Used Car Lemon Law Explained

February 22, 2012

Many states lack an explicit used car lemon law, but have minimum warranty requirements and other protections. Learn about legal assistance options.

Used Car Lemon

Just as there are lemon laws for new cars, not many people are aware that there is a used car lemon law in some states. Even if your state does not have a lemon law, there may be other legal remedies available to you depending upon the circumstances under which you purchased your used car. Familiarize yourself with some of the issues that surround used car lemon laws and how they affect you as but as a consumer.

State Used Car Lemon Laws
Many states don't actually have a lemon law, per se, for used cars, but they do require that used car dealers offer minimal warranties on most used cars. Therefore, the warranty requirement serves as a de facto lemon law. However unlike new car lemon laws, if something goes wrong with the car, you should seek relief from the car dealer and not the manufacturer. Depending upon the state you live in, used car dealers may be required to warranty your used car or truck for a very short period of time or for several months following the date of purchase.

To get more information about your state's used car lemon laws, or vehicle warranty requirements for used car dealers, visit the Car Lemon website. Car Lemon offers a lot of very useful information regarding new and used car lemon laws and warranty requirements. The site lists federal requirements for car warranties as well as lemon laws and warranty requirements for every state.

How to Seek Assistance with Used Car Lemons
If you have purchased a used car that you feel is a lemon, you should first seek assistance from the dealership where you bought the vehicle. Most states require some sort of minimal time warranty on most used vehicles. If you have major problems immediately following the purchase of a vehicle, your used car dealer will be your best bet for obtaining assistance.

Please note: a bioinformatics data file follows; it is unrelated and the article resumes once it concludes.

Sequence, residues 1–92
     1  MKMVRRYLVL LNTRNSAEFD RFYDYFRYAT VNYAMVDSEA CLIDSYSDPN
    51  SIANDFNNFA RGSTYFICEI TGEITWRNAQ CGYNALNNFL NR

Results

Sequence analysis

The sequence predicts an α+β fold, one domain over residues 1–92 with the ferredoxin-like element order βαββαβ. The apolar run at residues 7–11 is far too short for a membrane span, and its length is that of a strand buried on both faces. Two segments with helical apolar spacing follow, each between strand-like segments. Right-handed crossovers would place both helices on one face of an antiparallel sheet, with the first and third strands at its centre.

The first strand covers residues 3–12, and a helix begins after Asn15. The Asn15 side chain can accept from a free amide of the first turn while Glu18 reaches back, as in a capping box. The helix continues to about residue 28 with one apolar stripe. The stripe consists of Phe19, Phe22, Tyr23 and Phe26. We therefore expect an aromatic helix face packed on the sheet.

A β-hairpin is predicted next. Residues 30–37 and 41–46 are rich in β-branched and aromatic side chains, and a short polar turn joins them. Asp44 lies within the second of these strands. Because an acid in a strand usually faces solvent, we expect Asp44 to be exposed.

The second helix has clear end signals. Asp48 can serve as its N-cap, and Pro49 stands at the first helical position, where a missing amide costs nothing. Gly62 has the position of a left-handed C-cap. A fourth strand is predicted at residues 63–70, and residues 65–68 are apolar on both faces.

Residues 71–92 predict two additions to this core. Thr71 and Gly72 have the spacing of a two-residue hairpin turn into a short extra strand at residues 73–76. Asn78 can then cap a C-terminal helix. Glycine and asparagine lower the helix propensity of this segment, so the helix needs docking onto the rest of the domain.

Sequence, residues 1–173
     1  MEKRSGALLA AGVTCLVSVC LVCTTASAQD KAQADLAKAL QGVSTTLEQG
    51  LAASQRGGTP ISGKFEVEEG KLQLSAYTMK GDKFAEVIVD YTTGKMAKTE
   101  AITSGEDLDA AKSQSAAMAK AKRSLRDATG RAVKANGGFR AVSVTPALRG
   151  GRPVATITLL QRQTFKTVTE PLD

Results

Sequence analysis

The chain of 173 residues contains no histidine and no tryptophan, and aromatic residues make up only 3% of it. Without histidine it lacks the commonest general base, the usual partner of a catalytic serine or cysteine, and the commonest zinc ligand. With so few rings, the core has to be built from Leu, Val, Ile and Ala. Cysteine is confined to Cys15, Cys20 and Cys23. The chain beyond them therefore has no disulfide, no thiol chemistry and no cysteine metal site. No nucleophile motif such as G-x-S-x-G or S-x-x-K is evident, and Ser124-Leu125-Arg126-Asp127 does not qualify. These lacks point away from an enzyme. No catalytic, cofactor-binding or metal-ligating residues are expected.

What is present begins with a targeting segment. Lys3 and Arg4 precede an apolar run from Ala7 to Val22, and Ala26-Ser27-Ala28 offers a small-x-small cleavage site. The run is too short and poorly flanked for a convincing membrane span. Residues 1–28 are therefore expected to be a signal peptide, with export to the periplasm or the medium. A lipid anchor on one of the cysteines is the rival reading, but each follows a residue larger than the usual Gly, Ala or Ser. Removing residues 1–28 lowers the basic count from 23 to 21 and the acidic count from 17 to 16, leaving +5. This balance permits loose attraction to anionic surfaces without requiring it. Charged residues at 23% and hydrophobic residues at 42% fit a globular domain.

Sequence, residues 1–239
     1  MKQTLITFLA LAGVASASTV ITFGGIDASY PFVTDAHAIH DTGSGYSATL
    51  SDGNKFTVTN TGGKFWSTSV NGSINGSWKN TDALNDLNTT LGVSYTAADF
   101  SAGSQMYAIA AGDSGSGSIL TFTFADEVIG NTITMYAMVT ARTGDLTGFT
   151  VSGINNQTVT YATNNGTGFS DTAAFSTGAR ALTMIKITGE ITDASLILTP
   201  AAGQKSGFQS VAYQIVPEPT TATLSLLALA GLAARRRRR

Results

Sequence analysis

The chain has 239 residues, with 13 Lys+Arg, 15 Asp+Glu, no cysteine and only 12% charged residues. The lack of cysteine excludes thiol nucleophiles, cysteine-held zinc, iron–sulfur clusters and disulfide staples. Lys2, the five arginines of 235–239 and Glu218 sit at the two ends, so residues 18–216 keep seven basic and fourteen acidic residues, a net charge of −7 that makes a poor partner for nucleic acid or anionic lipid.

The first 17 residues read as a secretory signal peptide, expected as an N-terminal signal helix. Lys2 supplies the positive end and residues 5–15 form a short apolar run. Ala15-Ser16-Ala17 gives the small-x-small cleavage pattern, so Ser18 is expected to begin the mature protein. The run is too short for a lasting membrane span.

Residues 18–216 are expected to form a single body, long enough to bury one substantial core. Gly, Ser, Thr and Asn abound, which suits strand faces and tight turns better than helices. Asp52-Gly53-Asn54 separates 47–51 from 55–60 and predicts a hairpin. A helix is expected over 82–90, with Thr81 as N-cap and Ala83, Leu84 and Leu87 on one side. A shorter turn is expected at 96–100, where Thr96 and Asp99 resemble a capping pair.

In certain circumstances, the dealership may be required to refund your purchase--but this is never guaranteed. There are loopholes in many state's statutes that give the used car dealer an opportunity to escape from a refund. A common loophole is the fact that most states allow a used car dealer to escape a refund if the defect isn't considered to be a major impairment to the operation of the vehicle. In most circumstances the dealership will simply repair the vehicle.

If you have problems getting the dealership to live up to its obligations under the vehicle warranty, seek assistance from your state Attorney General's Office. Most States Attorney General offices have a staff dedicated to helping consumers with new and used car lemon car problems.

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